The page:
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USDA publications shine on US Government Bookstore bestseller list

Posted by Kathryn Sosbe, 
Office of Communication, U.S. Forest Service, on 
March 5, 2014 at 10:45am

A favorite U.S. Forest Service book for kids is “Why Would Anyone Cut a Tree Down?” which explains to children that, yes, there are reasons to cut trees. The U.S. Government Bookstore, the place where you can buy the 2014 Counterterrorism Calendar for $20 or a loose-leaf copy of the Export Administration Regulation 2013 edition for $199, released its list of best-selling publications for 2013 that includes several items published by the U.S. Department of Agriculture.


is written by Roberta Burzynski, who works in the U.S. Forest Service’s Northeastern Area State and Private Forestry unit. The book shows children the life cycle of trees and how trees are a renewable resource. The 41-page book with 28 full-color illustrations can be used by parents and teachers along with . Colorfully illustrated by Juliette Watts, the $10 book is ideal for parents, teachers and children. Burzynski also wrote the popular that is meant to be read by an adult to children.


The Natural Resources Conservation Service in Missouri also created a children’s book, which made it on the government’s bestseller list. It’s a wonderful story that follows an acorn as it falls from an oak tree, is gathered up by a squirrel, is buried, and eventually sprouts and begins its own journey as a tree that provides for another generation of squirrels and other wildlife. Along the way, children learn how soil, water, plants and animals are all important pieces of the life cycle. Part of the mystery of nature is solved in a few, beautifully illustrated pages. A separate teacher’s guide is available to assist in presenting the science-based concepts in the story. The $5 booklet is written by Christa Kauble and illustrated by Mary Jo Tannehill.


is a short, how-to manual that helps landowners learn the best way to cut back a tree to produce strong, healthy and attractive plants. The helpful, easy-to-understand guide is another product from the Northeastern Area State and Private Forestry unit. Revised in 2012, the 29-page illustrated guide is on sale for just $2 and obviously continues to be a bookstore favorite.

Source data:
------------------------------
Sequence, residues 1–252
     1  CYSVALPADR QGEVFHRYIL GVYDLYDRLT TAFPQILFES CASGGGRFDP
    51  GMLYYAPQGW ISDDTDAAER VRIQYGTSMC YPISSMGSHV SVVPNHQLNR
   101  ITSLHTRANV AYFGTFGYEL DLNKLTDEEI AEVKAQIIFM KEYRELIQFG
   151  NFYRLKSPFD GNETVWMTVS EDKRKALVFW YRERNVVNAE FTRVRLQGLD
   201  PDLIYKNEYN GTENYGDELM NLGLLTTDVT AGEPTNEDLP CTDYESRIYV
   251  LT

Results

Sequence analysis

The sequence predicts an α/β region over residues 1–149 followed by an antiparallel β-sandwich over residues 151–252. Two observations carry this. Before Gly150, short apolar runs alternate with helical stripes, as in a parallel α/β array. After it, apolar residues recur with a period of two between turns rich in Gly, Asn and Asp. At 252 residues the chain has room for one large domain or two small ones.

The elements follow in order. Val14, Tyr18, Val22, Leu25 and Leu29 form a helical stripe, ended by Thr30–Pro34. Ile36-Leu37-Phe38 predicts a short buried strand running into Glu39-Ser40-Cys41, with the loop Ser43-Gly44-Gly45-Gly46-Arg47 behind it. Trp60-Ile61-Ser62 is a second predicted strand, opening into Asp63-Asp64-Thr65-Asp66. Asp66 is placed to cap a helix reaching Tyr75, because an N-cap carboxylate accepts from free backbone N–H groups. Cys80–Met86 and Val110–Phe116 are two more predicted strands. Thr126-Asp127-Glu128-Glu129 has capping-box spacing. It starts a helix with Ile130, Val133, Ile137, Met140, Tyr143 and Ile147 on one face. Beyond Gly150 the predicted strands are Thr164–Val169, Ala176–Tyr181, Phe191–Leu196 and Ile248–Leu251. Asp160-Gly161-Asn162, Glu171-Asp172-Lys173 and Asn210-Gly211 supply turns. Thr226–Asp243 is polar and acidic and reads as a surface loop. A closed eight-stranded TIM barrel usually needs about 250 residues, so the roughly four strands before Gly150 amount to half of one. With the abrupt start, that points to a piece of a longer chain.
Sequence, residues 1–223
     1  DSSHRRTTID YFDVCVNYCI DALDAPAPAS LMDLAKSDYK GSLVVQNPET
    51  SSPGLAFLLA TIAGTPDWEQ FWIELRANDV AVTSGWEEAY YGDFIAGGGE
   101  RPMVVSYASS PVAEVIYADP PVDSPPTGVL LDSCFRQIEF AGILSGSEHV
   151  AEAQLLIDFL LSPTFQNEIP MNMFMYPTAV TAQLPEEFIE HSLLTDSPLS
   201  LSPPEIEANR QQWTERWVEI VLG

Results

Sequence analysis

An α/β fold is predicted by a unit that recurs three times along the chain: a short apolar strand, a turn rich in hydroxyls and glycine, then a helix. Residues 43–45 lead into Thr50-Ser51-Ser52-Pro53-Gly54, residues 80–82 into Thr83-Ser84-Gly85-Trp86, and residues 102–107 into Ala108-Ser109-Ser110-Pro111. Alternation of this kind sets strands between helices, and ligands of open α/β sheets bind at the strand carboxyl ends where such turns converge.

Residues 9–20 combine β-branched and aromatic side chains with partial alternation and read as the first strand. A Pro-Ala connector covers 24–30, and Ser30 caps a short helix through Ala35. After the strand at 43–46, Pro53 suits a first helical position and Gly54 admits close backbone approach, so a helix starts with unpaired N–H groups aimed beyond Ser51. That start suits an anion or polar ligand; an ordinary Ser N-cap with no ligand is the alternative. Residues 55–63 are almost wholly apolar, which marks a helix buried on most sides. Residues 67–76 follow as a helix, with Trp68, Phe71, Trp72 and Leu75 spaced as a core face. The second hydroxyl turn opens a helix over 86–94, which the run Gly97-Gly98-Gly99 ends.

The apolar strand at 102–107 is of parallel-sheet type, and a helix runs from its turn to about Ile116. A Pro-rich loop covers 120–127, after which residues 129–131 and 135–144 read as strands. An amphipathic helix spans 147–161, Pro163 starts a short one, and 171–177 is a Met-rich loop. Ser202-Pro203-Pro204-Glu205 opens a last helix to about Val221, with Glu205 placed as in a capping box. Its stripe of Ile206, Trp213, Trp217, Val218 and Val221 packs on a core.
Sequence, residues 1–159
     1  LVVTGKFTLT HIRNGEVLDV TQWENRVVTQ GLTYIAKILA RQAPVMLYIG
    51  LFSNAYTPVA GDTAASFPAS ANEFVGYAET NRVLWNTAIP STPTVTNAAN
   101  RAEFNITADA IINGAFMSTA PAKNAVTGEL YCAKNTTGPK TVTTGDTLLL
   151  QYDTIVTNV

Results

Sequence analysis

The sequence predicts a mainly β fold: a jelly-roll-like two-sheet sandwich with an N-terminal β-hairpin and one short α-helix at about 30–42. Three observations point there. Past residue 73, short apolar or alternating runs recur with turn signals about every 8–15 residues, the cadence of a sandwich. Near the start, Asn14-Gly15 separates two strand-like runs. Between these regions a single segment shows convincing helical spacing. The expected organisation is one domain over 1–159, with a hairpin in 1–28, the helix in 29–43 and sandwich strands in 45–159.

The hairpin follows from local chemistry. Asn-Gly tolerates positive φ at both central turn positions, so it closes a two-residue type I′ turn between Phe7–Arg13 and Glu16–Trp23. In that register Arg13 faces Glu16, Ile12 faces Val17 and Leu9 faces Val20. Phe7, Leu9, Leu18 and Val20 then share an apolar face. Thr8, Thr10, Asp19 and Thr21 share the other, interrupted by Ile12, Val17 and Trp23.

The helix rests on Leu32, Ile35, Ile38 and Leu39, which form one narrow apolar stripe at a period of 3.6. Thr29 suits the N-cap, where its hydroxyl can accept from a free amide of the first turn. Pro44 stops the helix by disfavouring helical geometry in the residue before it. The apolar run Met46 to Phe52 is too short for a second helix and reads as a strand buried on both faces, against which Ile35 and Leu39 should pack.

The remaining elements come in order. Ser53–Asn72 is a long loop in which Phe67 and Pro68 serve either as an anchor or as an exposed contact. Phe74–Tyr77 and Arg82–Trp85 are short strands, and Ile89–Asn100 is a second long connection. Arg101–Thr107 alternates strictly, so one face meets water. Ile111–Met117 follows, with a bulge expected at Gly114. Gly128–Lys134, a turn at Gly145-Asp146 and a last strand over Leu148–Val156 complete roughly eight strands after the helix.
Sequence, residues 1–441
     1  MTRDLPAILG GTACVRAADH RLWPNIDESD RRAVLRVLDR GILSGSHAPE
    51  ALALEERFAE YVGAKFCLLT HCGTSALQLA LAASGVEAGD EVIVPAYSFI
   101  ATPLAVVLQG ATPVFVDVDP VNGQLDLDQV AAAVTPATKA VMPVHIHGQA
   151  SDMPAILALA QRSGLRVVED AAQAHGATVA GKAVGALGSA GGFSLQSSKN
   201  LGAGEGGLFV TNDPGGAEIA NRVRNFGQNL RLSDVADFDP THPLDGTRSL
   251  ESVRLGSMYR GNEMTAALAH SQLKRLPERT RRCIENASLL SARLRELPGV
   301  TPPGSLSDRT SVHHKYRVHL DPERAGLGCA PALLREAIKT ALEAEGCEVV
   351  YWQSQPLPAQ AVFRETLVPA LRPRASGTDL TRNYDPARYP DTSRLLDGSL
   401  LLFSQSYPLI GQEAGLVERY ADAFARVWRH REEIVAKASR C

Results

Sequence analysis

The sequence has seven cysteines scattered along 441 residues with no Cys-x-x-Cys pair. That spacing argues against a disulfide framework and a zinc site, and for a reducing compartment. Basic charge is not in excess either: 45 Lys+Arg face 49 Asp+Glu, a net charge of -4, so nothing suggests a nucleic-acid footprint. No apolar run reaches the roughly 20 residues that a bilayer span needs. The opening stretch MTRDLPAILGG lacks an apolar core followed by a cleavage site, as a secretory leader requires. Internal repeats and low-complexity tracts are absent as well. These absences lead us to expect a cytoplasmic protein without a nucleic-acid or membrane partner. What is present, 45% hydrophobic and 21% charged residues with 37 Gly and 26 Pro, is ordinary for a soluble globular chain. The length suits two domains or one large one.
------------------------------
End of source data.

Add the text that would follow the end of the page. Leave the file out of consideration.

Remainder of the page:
The Northeastern Area also has a hit with used since the last 1960s and the most popular field tool for foresters to accomplish field work. Subjects include timber volume, site indexes, surveying and curing date, reforestation, scaling and other silvicultural information. The 82-page book goes for $14.


The revised Forest Service book, is a favorite of fledgling landowners. It helps homeowners and land managers recognize hazardous defects in trees and offers suggestions on possible corrective action. World class advice for just $1.75.


is a package of 100 bulletins ($61) developed by the U.S. Department of Agriculture and the U.S. Department of Health and Human Services. The consumer-friendly guide is based on the 2010 Dietary Guidelines for Americans and is intended for healthy Americans ages 2 years and older, as well as for Americans who are at increased risk of chronic disease.


A favorite U.S. Forest Service book for kids is “Why Would Anyone Cut a Tree Down?” which explains to children that, yes, there are reasons to cut trees.  (U.S. Forest Service)The 2010 is a perennial favorite, according to the Bookstore. The guidelines, published by USDA and Health and Human Services every five years, offers evidence-based nutritional guidance to promote health, reduce the risk of chronic diseases, and reduce the prevalence of overweight and obesity through improved nutrition and physical activity. is a comprehensive resource designed to help consumers apply the 2010 Dietary Guidelines for Americans.


Resources available to help promote the 2010 Guidelines include the popular and the award-winning , a diet and physical tracking tool designed to help Americans make informed food decisions.


“Que Hay en Su Plato?” is the Spanish edition of the “” mini-poster. The 8.6-by-11-inch, $6 poster features the MiPlato icon, a simple, visual reminder to help Spanish-language audiences think about healthier foods at meal time. The poster includes selected Dietary Guidelines messages to promote healthier eating habits and regular physical activity.


In addition to the Government Bookstore, publications also are available on USDA's websites.

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